It’s full of holes and yet it holds together: Whether as a place to store gas molecules; for the separation of substances; as sensors, catalysts, and nanoreactors; or materials for optoelectronics, porous crystalline solids with a regular array of defined pores have become indispensable in science and technology.
Organometallic compounds can also form porous structures and have greatly broadened the palette of porous materials, though until now these have been limited to species with very small pores. In the journal Angewandte Chemie, Korean researchers led by Jaheon Kim now report the synthesis and characterization of a mesoporous organometallic lattice with cagelike pores that are 3.9 to 4.7 nm in diameter.
Previously, only a few stable structures made of metal atoms or ions and organic ligands have been made that have larger pores, called mesopores (>3 nm in diameter). Among the reasons for this is the special type of bonding that takes place between a metal and a ligand, known as complex coordination. Large cavities can easily destabilize this type of lattice. Just as difficult as the synthesis of such structures is their characterization at the atomic level.
The Korean researchers have overcome both challenges. Their lattice structures are made of ions of the rare-earth metal terbium and an organic ligand. By using X-ray crystallographic methods, the scientists were also able to precisely determine the structures of both the crystal and the pores.
The use of nitrogen adsorption measurements also allowed them to confirm that there are two types of pore in the structure, some a little bigger, some smaller. When the samples are activated at 160 °C, the specific surface area of the porous crystals increases further, but its sorption ratio does not change. This behavior is also confirmed in adsorption experiments with carbon dioxide.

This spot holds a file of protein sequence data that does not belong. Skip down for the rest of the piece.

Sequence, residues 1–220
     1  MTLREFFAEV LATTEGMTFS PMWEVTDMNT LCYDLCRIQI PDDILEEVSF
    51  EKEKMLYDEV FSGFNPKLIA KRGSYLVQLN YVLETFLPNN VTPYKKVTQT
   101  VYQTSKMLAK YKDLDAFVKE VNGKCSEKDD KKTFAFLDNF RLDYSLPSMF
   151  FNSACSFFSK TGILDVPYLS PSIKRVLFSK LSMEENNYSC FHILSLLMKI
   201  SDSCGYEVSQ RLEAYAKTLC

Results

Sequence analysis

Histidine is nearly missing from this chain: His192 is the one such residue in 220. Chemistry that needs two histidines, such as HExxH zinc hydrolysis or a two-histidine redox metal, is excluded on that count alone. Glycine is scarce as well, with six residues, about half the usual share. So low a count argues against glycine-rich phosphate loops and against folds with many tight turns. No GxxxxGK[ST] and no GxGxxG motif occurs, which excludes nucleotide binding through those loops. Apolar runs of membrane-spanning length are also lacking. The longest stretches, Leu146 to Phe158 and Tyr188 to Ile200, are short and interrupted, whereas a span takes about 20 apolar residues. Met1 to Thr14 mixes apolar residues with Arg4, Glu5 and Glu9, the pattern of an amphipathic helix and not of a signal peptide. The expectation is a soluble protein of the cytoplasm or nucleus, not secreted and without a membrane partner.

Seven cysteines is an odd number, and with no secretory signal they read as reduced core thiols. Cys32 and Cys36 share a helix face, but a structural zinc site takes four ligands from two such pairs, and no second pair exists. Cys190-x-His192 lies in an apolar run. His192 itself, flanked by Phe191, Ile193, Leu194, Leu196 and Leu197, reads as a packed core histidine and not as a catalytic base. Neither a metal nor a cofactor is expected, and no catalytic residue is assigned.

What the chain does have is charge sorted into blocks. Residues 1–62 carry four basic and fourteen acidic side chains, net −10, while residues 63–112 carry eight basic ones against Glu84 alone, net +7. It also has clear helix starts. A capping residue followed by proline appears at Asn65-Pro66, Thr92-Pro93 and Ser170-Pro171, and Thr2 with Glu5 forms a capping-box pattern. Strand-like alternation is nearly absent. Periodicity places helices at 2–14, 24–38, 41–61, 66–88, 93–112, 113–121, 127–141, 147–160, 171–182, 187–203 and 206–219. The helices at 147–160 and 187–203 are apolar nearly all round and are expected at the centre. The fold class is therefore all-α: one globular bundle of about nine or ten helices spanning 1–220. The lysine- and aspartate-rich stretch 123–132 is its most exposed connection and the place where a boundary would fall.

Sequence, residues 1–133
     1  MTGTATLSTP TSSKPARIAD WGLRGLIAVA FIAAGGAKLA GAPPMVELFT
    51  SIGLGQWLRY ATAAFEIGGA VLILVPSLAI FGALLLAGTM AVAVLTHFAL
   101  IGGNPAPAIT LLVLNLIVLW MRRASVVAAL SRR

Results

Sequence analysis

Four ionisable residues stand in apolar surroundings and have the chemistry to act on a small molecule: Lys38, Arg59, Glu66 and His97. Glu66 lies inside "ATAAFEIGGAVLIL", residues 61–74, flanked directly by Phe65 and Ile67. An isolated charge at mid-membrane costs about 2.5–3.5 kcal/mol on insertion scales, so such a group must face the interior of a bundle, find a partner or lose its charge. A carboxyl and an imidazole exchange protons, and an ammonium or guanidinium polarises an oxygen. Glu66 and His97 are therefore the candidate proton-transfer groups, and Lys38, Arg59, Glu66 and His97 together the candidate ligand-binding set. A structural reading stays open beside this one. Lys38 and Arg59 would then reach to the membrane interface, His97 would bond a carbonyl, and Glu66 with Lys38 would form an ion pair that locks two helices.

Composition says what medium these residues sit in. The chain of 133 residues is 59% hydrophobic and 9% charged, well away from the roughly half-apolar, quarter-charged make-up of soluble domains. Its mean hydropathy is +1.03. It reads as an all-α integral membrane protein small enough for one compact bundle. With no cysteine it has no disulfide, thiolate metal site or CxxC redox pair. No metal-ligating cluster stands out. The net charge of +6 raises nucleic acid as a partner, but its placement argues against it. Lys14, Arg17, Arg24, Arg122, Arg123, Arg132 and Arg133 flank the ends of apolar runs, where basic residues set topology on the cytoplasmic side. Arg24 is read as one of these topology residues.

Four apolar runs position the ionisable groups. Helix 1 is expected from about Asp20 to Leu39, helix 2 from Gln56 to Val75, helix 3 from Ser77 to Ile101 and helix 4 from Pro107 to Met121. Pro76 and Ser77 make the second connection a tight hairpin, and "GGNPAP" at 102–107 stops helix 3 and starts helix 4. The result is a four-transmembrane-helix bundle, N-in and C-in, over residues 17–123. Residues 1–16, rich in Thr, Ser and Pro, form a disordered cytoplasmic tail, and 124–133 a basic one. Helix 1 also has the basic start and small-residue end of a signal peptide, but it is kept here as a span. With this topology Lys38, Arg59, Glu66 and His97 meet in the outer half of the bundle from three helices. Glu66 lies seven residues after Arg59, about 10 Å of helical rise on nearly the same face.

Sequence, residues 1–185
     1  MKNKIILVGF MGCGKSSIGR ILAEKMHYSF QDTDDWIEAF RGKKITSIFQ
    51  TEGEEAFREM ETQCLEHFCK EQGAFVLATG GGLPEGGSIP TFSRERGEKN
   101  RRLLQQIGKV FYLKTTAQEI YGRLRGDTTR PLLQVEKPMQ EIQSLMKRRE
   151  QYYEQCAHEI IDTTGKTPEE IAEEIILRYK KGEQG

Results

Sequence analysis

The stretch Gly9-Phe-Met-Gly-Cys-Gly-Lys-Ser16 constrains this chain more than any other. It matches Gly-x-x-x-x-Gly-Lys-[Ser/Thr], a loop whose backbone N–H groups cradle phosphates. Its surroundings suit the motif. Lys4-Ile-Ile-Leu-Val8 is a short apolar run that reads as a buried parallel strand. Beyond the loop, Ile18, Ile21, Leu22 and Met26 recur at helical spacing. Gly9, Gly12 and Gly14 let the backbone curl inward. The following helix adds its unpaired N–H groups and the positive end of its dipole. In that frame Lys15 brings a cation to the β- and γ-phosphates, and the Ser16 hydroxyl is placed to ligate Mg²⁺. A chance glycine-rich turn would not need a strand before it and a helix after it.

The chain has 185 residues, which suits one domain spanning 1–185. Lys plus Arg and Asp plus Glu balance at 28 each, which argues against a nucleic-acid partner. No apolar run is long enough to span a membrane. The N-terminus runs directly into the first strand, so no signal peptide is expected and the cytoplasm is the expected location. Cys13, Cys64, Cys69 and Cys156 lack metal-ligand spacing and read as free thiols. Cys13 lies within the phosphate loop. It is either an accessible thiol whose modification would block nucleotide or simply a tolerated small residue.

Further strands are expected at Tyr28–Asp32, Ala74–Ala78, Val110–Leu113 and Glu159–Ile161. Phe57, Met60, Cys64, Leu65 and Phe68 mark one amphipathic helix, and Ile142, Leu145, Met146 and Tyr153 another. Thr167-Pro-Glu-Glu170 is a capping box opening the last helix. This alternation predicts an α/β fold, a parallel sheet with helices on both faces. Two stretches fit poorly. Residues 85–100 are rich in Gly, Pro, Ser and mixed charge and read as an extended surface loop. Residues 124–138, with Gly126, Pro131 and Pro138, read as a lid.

When irradiated with light, the crystals fluoresce green. They are very thermally stable and hold out well enough in a vacuum to be loaded up by means of a sublimation process with guest molecules that are catalytically active or useful for optoelectronics. The researchers tested this with ferrocene, a molecular “sandwich” with two aromatic five-membered rings acting as the “bread” and an iron atom as the “filling”. With ferrocene guests in its pores, the crystal no longer fluoresces green. Instead, emission from the ferrocene is observed.
The researchers believe that the crystal lattice absorbs the photons like an antenna and passes them on to the ferrocene unit in the form of “energy bundles”. The ferrocene molecule in turn gives off this energy in the form of light. However, its emission is stronger than that given off in the irradiation of ferrocene alone. Systems using this construction principle could be useful for future optoelectronic components such as novel light-emitting diodes.
Citation: Jaheon Kim, Crystal Structure and Guest Uptake of a Mesoporous Metal-Organic Framework Containing Cages of 3.9 and 4.7nm in Diameter, Angewandte Chemie International Edition, doi: 10.1002/anie.200702324
Source: Angewandte Chemie
Explore further: The fluorescent fingerprint of plastics